But the heart of the story is not about poverty or wealth – in fact it’s larger than mere money or possessions – it’s about whether we’ll outgrow our stingy need to hold back and learn to live generosity. What would happen if we discovered the secret of this story and learned how to unravel our hearts’ control over everything of value in our lives? What would happen if we learned to live out of our abundance and were freed of the toxic stinginess that kills our souls? What would happen if we became people of generosity, not people who are so hardened with things we die daily from our stingy, bitter lives?
Maybe our need to withhold is a form of insanity that keeps us from becoming all we could become if we were kinder and more generous. Huston Smith, world-renowned expert on the religions of the world, told of when he was teaching at M.I.T. and learned Aldous Huxley was there as distinguished professor in the humanities for the semester. Smith knew he would be speaking all over New England and volunteered to be his personal social secretary, which meant he would drive Huxley to and from his speaking engagements. It was a marvelous opportunity for the young scholar to spend a bit of time with the famed Huxley. On the way to one of his engagements, Huxley said, “Huston, it’s rather embarrassing to have spent one’s entire lifetime pondering the human condition and to come toward its close and find that I really don’t have anything more profound to pass on by way of advice than, “Try to be a little kinder.”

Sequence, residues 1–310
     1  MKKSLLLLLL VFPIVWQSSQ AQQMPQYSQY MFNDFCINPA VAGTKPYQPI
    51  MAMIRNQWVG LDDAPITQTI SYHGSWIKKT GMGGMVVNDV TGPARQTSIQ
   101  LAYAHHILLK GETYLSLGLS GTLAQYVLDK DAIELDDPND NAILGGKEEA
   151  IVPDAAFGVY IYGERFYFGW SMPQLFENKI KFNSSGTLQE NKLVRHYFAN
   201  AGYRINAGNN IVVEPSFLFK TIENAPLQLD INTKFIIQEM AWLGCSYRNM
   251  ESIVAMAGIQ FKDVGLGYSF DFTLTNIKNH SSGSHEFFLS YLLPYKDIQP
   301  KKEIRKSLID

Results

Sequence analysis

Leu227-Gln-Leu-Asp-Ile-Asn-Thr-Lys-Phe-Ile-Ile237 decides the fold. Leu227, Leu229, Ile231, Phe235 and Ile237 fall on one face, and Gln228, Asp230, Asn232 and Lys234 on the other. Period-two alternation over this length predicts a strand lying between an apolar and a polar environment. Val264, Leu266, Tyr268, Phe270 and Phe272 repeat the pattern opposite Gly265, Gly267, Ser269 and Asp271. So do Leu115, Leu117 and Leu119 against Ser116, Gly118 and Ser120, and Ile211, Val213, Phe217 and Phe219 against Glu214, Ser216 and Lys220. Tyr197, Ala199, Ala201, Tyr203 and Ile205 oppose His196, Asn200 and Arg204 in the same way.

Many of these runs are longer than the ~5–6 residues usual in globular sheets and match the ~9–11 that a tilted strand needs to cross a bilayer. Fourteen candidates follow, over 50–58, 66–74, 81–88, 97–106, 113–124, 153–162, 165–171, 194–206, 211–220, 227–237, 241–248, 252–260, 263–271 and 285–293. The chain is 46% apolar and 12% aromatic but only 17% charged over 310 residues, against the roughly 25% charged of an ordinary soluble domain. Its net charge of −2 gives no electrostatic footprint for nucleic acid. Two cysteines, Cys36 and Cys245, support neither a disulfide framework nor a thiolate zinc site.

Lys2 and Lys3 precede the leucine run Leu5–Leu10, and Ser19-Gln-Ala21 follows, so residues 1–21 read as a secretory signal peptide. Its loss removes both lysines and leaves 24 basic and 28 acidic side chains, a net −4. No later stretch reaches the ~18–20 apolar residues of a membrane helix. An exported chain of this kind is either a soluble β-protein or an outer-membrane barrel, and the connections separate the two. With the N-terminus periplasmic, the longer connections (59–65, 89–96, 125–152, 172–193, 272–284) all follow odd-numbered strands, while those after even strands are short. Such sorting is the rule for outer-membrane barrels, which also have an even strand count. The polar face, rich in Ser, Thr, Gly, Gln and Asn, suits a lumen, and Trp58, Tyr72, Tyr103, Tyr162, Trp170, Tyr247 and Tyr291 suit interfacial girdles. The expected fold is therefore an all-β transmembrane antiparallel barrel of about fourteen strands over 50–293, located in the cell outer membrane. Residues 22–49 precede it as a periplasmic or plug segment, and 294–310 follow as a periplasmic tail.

The spirit of kindness is ultimately behind generosity. It’s a deeper form of existence. The late playwright Wendy Wasserstein says, “Kindness has fallen on bad times with a bad rap. We’re told to be tough, cold. Manipulation has emerged as a positive value. Oddly enough, it’s kindness that seems far more memorable and remarkable; to be kind isn’t to be soft, but rather humane. Cold is simple; kindness takes far more courage.”
Where’s the balance between our need to withhold and our heart’s need to be generous? Which will it be? Maybe a story will help …
A very wise teacher once warned humankind that all the water in the world, except that which was saved in a special way, would one day disappear and would be replaced by different water. And this new, different water would drive people insane. Everyone ignored the warning except one man, who collected the good water and stored it in a secure place. Then, alas, the forewarned day arrived and all the streams and wells went dry. All the good water disappeared, except for that which this one man had saved for himself. From that water, he drank but he did not share his water with anyone else.